Earlier this year, Israeli military intelligence ruled out the chances of any new deal including Iran’s malign regional activity and of Iranian missile development as extremely unlikely — contrary to demands still aired periodically by certain Israeli officials and U.S. analysts. Today, albeit not widely publicized, in Israeli eyes the nuclear issue should be completely decoupled from the regional dimension, lest it create more bargaining power for Tehran.
We are witnessing an intense scramble for control of the Middle East among mostly autocratic, disparate regimes, creating new alignments where the fabulous wealth of small states is conjugated with countries boasting larger armies, with proxies and mercenaries as expendable cannon fodder in tow.
Every generation of American diplomats has a figure who becomes the face of the era in foreign policy, a Dean Acheson, Henry Kissinger, or Richard Holbrooke. The years of pain and sorrow otherwise known as the Forever Wars may have found their own symbol in Brett McGurk.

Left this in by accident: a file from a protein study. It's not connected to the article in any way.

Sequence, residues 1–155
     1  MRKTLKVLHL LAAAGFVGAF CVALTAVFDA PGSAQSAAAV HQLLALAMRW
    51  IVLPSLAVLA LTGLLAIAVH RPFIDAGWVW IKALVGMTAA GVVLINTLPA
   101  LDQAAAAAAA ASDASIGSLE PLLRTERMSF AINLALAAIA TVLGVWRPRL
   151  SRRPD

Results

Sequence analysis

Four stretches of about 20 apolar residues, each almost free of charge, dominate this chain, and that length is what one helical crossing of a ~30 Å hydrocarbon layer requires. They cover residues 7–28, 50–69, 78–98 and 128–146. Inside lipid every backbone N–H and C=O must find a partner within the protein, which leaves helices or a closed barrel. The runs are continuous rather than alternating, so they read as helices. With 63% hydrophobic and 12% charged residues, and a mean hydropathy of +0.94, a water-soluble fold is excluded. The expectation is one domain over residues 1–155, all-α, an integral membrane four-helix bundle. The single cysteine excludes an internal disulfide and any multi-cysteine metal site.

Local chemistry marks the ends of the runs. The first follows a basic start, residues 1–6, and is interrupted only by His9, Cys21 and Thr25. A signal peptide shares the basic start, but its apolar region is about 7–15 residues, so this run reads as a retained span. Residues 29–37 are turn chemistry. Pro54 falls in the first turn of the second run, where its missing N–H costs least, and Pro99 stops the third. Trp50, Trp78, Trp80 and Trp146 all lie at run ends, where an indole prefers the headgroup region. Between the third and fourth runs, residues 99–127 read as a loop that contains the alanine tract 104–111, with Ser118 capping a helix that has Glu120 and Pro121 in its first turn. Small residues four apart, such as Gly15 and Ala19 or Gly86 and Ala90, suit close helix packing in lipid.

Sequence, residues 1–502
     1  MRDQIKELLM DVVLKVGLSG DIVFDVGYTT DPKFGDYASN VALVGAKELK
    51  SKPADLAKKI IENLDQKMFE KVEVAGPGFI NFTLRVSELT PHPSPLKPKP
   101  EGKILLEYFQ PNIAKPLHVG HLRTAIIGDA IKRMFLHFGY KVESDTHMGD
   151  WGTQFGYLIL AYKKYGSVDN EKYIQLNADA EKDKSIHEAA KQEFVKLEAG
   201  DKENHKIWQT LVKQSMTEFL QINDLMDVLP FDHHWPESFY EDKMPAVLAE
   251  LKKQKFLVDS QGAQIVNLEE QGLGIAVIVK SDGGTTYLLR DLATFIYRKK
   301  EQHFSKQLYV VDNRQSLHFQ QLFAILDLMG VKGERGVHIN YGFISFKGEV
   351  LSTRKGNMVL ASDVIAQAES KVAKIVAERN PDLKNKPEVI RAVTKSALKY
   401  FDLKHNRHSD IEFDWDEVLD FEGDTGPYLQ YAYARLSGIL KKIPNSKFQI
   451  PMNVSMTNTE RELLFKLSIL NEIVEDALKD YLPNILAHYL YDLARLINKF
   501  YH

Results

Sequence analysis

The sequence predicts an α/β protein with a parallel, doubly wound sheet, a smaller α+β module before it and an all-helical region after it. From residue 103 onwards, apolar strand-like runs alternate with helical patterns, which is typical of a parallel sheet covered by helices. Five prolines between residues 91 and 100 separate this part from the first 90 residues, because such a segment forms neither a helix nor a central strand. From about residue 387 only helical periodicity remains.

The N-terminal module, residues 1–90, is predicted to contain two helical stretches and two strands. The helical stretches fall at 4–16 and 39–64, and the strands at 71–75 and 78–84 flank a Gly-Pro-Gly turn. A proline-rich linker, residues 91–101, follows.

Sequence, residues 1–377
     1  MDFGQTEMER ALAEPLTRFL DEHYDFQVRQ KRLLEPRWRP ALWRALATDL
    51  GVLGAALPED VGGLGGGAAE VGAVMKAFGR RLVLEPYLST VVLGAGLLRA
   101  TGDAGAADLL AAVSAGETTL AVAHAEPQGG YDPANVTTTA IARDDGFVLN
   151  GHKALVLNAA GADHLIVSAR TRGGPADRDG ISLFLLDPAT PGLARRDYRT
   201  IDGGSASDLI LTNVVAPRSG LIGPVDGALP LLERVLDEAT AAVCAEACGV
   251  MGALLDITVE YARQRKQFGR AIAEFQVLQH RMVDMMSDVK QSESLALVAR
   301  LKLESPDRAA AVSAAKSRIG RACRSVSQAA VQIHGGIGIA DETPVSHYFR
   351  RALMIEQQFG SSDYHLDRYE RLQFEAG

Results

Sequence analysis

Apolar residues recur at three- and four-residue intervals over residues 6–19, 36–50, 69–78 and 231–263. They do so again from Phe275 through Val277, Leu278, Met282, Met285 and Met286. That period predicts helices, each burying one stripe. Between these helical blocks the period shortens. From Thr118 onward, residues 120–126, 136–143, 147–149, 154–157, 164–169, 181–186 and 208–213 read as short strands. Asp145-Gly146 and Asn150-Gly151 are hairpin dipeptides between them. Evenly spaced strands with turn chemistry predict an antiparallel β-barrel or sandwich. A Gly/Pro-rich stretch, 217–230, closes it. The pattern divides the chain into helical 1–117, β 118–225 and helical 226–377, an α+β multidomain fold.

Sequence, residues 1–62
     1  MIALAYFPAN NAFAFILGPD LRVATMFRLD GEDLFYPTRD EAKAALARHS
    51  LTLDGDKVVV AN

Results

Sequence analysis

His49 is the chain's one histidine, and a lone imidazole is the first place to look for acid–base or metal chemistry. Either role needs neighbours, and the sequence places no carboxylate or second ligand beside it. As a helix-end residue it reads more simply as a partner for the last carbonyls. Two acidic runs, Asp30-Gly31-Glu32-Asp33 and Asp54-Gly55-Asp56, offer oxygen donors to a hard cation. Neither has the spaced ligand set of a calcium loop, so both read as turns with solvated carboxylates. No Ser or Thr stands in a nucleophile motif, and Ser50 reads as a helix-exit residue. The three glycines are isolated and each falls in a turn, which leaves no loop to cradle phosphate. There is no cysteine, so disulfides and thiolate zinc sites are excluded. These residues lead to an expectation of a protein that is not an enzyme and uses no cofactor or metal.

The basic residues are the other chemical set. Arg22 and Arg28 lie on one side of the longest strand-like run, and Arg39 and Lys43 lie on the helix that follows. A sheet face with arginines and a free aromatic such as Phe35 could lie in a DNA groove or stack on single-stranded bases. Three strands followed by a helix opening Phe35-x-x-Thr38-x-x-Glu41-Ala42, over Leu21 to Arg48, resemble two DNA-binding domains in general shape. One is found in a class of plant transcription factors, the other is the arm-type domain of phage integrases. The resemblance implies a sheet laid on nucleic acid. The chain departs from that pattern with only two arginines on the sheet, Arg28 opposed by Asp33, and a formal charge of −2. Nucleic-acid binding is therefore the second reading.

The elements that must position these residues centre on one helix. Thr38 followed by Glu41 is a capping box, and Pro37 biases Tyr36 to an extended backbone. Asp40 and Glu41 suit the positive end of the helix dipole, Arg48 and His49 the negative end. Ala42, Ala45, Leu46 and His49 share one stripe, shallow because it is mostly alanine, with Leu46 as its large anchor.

Since the killing of Yitzhak Rabin in 1995, Israel’s politics have taken a distinctly right-wing turn, centered around Prime Minister Benjamin Netanyahu. The parallels between that journey and that of the Republican Party, as it grapples with the legacy of Donald Trump, are stark.
On August 21, 2013 the Syrian regime launched the biggest chemical attack of the 21st century. It was a seismic event whose repercussions are still being felt. This is an account of what happened that day and how the decisions made in its aftermath sealed Syria’s fate.
"As Middle East adviser to President Obama, I saw first-hand why it’s much easier to get rid of a bad regime than to put a good one in place."